Due to the small numbers of immune cells in murine neonates, the peripheral lymphoid environment can be characterized as lymphopenic. Indeed, recent studies39,40 have shown that both CD4+ and CD8+ adult T cells proliferate spontaneously (i.e., undergo homeostatic proliferation) and acquire Th1/Tc1 effector function when transferred to 1-day-old neonatal mice. This spontaneous cycling was associated with the upregulation of the surface molecule CD44, a marker of previous antigen exposure and proliferation. Le Campion et al.41 demonstrated directly that a small fraction of endogenous neonatal T cells in mice are actively proliferating in vivo at any one time during the first week of life. This observation is supported by additional findings in humans42 and mice43 which showed that proportionally more freshly isolated neonatal T cells are cycling spontaneously, relative to adult T cells. Together, these observations lead to the hypothesis that the homeostatic proliferation of endogenous neonatal T cells may be accompanied by the development of effector function.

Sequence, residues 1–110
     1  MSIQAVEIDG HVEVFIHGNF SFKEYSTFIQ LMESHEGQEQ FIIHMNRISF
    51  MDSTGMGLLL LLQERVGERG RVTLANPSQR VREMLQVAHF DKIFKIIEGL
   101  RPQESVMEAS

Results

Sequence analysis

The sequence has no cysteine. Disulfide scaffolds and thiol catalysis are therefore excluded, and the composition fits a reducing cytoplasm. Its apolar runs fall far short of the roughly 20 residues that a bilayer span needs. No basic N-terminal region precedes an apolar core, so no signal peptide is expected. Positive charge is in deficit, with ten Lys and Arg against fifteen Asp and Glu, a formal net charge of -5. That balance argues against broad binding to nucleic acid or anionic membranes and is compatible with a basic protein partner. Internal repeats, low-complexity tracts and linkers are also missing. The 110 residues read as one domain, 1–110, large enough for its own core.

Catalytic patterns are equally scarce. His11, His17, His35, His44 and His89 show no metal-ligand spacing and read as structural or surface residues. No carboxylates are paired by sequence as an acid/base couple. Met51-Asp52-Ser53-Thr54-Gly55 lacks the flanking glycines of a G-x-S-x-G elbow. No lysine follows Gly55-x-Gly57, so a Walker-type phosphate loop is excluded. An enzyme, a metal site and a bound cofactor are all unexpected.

To better understand how homeostatic proliferation might influence T helper cell function, we examined 7-day-old neonatal lymph nodes to determine the proportions of CD4+ cells which had undergone proliferation during the first week of life. Freshly explanted neonatal and adult lymph node CD4+ cells were stained for the expression of CD44 (Figure 1). The proportions of CD4+ cells that were CD44hi in either neonates or adults were remarkably similar among individual animals, such that the expression curves were nearly identical from one animal to the next within each age group. This was observed among neonatal animals even when individual pups from different litters were assessed, suggesting that the process of homeostatic proliferation in the neonate is actually a stringently regulated process. However, there were clear differences in expression of CD44 between neonates and adults – approximately twice as many CD4+ cells in the neonate were CD44hi, relative to adult cells.
To determine how previous proliferation in the neonate might influence cytokine expression, neonatal and adult CD4+ cells were separated by cell sorting into CD44hi and CD44lo populations and activated with anti-CD3 antibody in vitro. Since we have previously seen high levels of IL-4 production by total neonatal CD4+ cells as early as 24 hr after activation (manuscript submitted), we harvested supernatants and assessed the IL-4 content at both 24 and 48 hr of activation. Interestingly, only the CD44hi subset of both the neonatal and adult CD4+ populations produced IL-4 within 24 hr of activation (Figure 2). However, within the naïve CD44lo populations, a clear difference between neonatal and adult cells became apparent by 48 hr of activation (Figure 3). At this time point, neonatal CD44lo cells produced copious amounts of IL-4 while IL-4 production by adult CD44lo cells was undetectable.